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Already a formidable trend in the online world, podcasting is storming into the mainstream now that Apple has added podcast subscription capabilities to its iTunes application. Some of the major television networks are even dipping their toes into the podcasting waters, with mixed results.

NBC’s experiments in podcasting indicate some imagination at work, with audio files that add value to the shows. While not all NBC series offer a podcast, those that do use them for different but effective purposes. Las Vegas, for example, offers episode-specific commentaries with cast members, writers, and producers of the show. I Want to Be a Hilton has spawned Kathy’s Hip Tips to the High Life Podcast, with Mrs. Hilton’s advice on such topics as pets, publicity, and manners. The point is not whether you could pay me enough money to listen to her, it’s that people who are watching the show are likely to be interested in learning how to emulate Paris and Nicky – without their genetic gifts of beauty and money, I presume.

The Fox network has launched Foxcasting (“aka podcasting,” they helpfully tell us) to present audio recaps of selected shows, including Arrested Development, Hell’s Kitchen, House, and Family Guy. Oooh, so close, Fox. Good idea, wrong content for the medium. Narrated by Michael Krogmann (who it seems I should have heard of, but haven’t), the recaps are very similar to the text recaps that appear on the show-specific sites. There is no compelling reason to bother with audio when the content is as dry as this. There’s no banter, no cast or crew participation, just a straight narrative of what happened on the episode. Including clips of memorable moments seems like a no-brainer, but only a few contain actual audio from the show. If you’ve seen the episode, there is no added value here. If you haven’t, the text summaries are the less-hassle way to get caught up.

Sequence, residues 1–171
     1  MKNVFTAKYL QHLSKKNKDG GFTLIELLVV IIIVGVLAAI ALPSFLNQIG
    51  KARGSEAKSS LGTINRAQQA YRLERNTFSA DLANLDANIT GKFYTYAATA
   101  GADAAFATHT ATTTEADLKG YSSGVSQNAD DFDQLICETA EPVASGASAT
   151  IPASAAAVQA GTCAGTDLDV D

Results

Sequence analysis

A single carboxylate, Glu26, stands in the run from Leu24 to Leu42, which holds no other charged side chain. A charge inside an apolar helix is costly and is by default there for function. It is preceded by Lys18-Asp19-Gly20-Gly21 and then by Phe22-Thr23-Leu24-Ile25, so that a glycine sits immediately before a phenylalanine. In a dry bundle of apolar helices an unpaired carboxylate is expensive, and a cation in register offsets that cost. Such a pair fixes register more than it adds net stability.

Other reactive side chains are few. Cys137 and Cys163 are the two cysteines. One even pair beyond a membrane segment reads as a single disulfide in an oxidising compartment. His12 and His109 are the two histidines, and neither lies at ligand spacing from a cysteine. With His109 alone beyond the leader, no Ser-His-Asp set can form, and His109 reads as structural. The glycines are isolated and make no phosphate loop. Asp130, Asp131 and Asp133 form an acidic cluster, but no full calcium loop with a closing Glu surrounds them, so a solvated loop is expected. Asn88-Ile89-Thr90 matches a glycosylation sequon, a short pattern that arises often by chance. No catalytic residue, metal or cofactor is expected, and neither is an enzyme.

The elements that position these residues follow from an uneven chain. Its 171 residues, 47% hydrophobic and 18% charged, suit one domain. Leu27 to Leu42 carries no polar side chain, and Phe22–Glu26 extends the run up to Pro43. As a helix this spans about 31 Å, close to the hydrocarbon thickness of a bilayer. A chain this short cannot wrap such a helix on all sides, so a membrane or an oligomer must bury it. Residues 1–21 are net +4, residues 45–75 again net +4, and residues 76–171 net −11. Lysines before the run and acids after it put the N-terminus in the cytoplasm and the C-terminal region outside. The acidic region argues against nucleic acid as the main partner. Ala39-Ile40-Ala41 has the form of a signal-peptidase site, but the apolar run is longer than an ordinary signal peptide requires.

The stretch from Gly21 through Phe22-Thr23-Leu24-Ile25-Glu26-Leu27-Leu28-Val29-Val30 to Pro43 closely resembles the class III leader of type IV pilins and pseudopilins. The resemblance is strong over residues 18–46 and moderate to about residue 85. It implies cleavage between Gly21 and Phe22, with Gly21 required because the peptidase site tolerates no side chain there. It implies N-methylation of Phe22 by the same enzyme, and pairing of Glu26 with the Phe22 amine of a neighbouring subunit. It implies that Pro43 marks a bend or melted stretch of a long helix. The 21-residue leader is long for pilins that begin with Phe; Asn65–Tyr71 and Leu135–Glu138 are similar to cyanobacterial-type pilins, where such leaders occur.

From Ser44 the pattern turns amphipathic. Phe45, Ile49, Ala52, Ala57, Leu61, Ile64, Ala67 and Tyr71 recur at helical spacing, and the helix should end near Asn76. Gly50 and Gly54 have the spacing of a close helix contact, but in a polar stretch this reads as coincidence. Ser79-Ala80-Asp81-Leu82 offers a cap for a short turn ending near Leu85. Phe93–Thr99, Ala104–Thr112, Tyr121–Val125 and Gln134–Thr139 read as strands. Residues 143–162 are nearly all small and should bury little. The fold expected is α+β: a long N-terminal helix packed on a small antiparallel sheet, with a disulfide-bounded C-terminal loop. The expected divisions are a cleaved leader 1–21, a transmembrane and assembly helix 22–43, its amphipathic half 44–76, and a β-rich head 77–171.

Another strike against the Fox attempt is that the podcasts are on a stand-alone page linked from the main Fox site, but not from the show-specific sites, where fans desperate to fill their iPods would have another opportunity to stumble across them.

Still, the baby steps shown by Fox and decent strides by NBC are likely to lead to improved TV podcasting initiatives in the future. At least, I hope they will, as networks explore more ways to break television free from the box, and better leverage the Internet to add entertainment value to consumers and marketing value to themselves.

(Updated and posted to Blogcritics)

“For the first time since we began tracking these activities, younger Canadians are spending more time on the Internet than watching TV.”
– Catherine Rogers of Ipsos Reid